# On generical domains: Riemann integrable $\Rightarrow$ Lebesgue integrable?

If I have correctly understood and been able to generalise the proof that I found in Kolmogorov-Fomin's Элементы теории функций и функционального анализа for the case of $n=1$, I know that, if $R=\prod_{i=1}^n[a_i,b_i]\subset\mathbb{R}^n$ and $f:R\to\mathbb{R}$ is Riemann integrable on the bounded set $R$, then it also is Lebesgue integrable and the two integrals are the same:$$(R)\int_R f(x_1,\ldots,x_n)dx_1\ldots dx_n=\int_R fd\mu$$where $\mu$ is the usual Lebesgue measure defined on measurable subsets of $\mathbb{R}^n$.

$f:D\to\mathbb{R}$ is defined as Riemann integrable on a generical domain $D\subset\mathbb{R}^n$ when the function $\bar{f}:R\to\mathbb{R}$ (with $R$ as above and such that $D\subset R$) defined by $$\bar{f}(\boldsymbol{x}) = \begin{cases} f(\boldsymbol{x}), & \boldsymbol{x}\in D \\ 0, &\boldsymbol{x}\in R\setminus D \end{cases}$$is Riemann integrable on $R$. My question is: if $f$ is Riemann integrable on a generical domain $D$, can we say that it also is Lebesgue integrable on $D$? I think the only obstacle to overcome is veryfying whether $D$ is $\mu$-measurable, because Lebesgue integrals are only defined on measurable subsets, as far as I know, but I cannot overcome that. A search in this site gives many related results, but I have only found cases where $D=[a,b]\in\mathbb{R}$. I thank any answerer very much!

• What do you mean by "generical domain"? The term is not in the Wikipedia page you point to. Refer also to Baby Rudin 11.33 showing that in one dimension, a Riemann integrable function as he defines it is one which is Lebesgue integrable and continuous almost everywhere. Note too that there is some wobble in the definition of Riemann integrable functions; some say that Riemann integrable functions must be bounded and defined on bounded domains, others that "Riemann integrable" includes extensions of the Riemann integral by taking limits (e.g., for $\int_0^\infty f$ take lim $\int_0^a f$). – ForgotALot Jan 17 '16 at 22:21
• On further reflection it seems that what you are asking is if $D\subset R$ is nonmeasurable, and $\overline f=1_D f$ is nonetheless Riemann integrable, is it also Lebesgue integrable? In one dimension, the reasoning in Baby Rudin 11.33 seemingly applies and shows that yes, $\overline f$ is Lebesgue integrable. You could have $D$ nonmeasurable yet $1_D f$ Riemann integrable if, for example, $f:[a,b]\to\mathbb{R}$, $f(x)=0$ for $x\in [a,(a+b)/2]$, and $D\subset [a,(a+b)/2]$. – ForgotALot Jan 17 '16 at 22:48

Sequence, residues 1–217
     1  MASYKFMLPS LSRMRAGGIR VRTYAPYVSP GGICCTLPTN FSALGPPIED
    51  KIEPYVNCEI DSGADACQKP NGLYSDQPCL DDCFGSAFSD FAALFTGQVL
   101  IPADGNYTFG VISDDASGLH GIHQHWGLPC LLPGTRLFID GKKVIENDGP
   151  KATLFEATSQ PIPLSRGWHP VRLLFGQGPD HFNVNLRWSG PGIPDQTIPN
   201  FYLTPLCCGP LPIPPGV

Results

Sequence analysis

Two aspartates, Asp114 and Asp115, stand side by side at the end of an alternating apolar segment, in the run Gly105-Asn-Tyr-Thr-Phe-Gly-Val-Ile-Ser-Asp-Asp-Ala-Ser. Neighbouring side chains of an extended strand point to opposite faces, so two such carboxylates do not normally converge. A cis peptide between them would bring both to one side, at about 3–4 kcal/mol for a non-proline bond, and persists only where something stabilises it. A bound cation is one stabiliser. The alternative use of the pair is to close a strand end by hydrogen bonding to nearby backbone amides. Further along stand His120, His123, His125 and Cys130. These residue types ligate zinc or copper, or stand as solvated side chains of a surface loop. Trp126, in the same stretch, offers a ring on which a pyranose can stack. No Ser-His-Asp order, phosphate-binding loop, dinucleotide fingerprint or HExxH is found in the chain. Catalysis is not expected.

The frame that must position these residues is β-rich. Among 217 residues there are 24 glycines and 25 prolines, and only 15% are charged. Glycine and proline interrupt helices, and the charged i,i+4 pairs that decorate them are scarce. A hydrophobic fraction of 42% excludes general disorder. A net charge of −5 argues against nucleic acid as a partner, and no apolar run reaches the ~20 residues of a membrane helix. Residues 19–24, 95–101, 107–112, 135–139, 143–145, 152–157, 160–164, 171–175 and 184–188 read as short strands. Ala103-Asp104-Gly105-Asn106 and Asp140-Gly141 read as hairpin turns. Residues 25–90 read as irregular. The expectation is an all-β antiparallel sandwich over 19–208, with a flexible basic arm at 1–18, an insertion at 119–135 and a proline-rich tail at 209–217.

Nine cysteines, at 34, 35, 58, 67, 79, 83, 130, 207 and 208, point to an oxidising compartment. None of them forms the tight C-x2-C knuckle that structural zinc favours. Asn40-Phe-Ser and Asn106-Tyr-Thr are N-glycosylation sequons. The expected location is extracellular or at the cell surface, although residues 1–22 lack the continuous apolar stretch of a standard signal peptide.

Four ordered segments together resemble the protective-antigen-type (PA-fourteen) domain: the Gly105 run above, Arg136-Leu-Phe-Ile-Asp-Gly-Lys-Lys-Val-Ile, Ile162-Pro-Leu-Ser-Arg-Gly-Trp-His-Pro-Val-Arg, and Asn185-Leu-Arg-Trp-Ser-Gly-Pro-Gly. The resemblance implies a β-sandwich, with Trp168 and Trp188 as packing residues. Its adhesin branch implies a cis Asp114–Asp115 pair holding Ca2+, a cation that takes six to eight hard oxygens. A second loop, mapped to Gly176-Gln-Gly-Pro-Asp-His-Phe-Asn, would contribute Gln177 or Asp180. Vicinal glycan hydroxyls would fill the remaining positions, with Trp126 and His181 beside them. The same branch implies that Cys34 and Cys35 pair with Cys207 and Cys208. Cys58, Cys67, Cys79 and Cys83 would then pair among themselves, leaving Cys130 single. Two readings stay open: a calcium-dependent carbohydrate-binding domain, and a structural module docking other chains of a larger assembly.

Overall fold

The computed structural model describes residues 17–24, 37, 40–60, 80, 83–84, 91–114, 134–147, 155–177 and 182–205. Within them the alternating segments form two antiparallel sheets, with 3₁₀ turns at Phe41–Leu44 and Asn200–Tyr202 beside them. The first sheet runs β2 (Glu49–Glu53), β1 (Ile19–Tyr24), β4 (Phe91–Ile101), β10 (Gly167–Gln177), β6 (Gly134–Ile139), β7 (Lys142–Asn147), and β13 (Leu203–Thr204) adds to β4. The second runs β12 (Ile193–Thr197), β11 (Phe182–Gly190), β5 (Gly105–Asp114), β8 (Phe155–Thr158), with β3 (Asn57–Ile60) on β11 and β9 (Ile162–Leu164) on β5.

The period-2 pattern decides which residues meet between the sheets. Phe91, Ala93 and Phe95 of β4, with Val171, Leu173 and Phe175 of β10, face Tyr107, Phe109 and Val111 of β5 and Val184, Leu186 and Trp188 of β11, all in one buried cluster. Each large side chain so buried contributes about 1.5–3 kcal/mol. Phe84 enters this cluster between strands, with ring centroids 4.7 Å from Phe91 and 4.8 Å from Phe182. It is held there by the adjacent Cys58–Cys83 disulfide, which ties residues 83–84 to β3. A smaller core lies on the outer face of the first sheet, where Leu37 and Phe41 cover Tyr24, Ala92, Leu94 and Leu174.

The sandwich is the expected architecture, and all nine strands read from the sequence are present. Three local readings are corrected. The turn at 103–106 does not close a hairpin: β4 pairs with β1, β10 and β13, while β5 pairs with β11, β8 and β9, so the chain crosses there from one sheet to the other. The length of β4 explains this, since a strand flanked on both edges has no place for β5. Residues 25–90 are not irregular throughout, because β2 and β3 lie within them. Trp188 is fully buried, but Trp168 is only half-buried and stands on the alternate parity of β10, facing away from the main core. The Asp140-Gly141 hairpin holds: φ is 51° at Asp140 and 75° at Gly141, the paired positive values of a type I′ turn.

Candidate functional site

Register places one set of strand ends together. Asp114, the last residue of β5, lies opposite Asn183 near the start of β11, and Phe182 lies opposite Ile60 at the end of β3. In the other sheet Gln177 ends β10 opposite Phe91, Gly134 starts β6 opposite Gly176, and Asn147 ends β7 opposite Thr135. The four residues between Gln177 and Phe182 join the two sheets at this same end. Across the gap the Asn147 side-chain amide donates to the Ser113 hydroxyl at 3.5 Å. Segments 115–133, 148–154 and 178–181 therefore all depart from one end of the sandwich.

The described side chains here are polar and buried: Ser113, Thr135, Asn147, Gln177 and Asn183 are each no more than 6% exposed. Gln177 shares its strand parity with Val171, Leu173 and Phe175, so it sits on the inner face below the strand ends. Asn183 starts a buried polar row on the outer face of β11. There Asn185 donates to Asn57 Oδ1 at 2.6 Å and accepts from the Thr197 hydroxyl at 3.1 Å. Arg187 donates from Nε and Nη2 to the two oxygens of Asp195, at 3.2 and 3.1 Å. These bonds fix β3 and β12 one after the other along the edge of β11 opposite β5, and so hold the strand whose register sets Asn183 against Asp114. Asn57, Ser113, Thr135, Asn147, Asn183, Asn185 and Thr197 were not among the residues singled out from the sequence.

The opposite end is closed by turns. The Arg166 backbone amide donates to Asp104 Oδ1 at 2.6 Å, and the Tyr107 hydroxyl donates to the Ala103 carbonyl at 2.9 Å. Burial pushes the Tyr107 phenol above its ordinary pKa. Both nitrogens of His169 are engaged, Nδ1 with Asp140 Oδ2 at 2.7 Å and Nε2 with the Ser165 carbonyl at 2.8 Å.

• Thank you for your comments. What I call "generical domain" $D\subset R$ (with $R$ bounded and defined as above) is what the Wikipedia page I have linked calls "an arbitrary bounded n-dimensional set". I did not know that if $D$ is not $\mu$-measurable we can nevertheless define a Lebesgue integral $\int_Dfd\mu$, since Kolmogorov-Fomin's defines it only for $\mu$-measurable domains. – Self-teaching worker Jan 18 '16 at 0:34
• According to this definition of Lebesgue integral, I would think (taking into account that $\bar{f}$ is $\mu$-measurable if it is Rieman integrable on $R$) that if the Riemann integrability of $f$ on $D$ implied the $\mu$-measurability of $D$, then the Lebesgue integrability of $f$ would follow from $D$'s measurability; but you suggest that $D$ may not be measurable even if $f$ is Riemann integrable on it... – Self-teaching worker Jan 18 '16 at 0:34

It is a matter of definition.

Let's decide, as for Riemann, that $f$ is called $\,$ L-integrable over $D\,$ if $\,\bar f \,$ is $\,$L-integrable over $R$ (according to the usual definition) and that $$\int_D f=\int_{R} \bar f$$ Then the statement (R-integrability $\Rightarrow$ L-integrability) is true also for arbitrary (bounded) sets.

The set $D$ doesn't need to be measurable !

All this because of the validity of the following statement:

Let $E$ and $E'$ be measurable sets with $E \subset E'$. Let $f$ be a function on $E$ and let $g$ be the function defined on $E'$ by $$g(\mathbf x) = \begin{cases} f(\mathbf x)\quad\text {if} \quad \mathbf x\in E \\ 0 \;\,\qquad\text {if}\quad\mathbf x\in E'\setminus E \end{cases}$$ then $f$ is L-integrable on $E\,$ iff $\,g$ is L-integrable on $E'$ and, if so, $$\int_E f=\int_{E'} g$$ So the above definition is independent of $R$ and reduces to the usual one if $D$ is measurable.